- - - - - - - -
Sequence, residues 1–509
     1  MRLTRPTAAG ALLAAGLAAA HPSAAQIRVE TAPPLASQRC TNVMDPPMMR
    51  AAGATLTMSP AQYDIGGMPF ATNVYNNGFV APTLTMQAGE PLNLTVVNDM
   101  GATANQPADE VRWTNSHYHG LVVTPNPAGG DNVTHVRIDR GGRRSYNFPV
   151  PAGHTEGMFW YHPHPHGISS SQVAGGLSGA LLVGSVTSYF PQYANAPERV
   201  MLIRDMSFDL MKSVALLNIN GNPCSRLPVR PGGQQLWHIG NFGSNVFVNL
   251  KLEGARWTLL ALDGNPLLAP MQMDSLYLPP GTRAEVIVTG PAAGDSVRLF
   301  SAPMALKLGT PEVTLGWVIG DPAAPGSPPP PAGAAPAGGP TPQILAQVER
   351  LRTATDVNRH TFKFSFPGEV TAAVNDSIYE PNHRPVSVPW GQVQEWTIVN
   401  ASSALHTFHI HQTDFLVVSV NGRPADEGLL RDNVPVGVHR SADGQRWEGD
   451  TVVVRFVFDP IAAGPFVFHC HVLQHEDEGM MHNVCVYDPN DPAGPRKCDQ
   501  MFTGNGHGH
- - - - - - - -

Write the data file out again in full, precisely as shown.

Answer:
Sequence, residues 1–509
     1  MRLTRPTAAG ALLAAGLAAA HPSAAQIRVE TAPPLASQRC TNVMDPPMMR
    51  AAGATLTMSP AQYDIGGMPF ATNVYNNGFV APTLTMQAGE PLNLTVVNDM
   101  GATANQPADE VRWTNSHYHG LVVTPNPAGG DNVTHVRIDR GGRRSYNFPV
   151  PAGHTEGMFW YHPHPHGISS SQVAGGLSGA LLVGSVTSYF PQYANAPERV
   201  MLIRDMSFDL MKSVALLNIN GNPCSRLPVR PGGQQLWHIG NFGSNVFVNL
   251  KLEGARWTLL ALDGNPLLAP MQMDSLYLPP GTRAEVIVTG PAAGDSVRLF
   301  SAPMALKLGT PEVTLGWVIG DPAAPGSPPP PAGAAPAGGP TPQILAQVER
   351  LRTATDVNRH TFKFSFPGEV TAAVNDSIYE PNHRPVSVPW GQVQEWTIVN
   401  ASSALHTFHI HQTDFLVVSV NGRPADEGLL RDNVPVGVHR SADGQRWEGD
   451  TVVVRFVFDP IAAGPFVFHC HVLQHEDEGM MHNVCVYDPN DPAGPRKCDQ
   501  MFTGNGHGH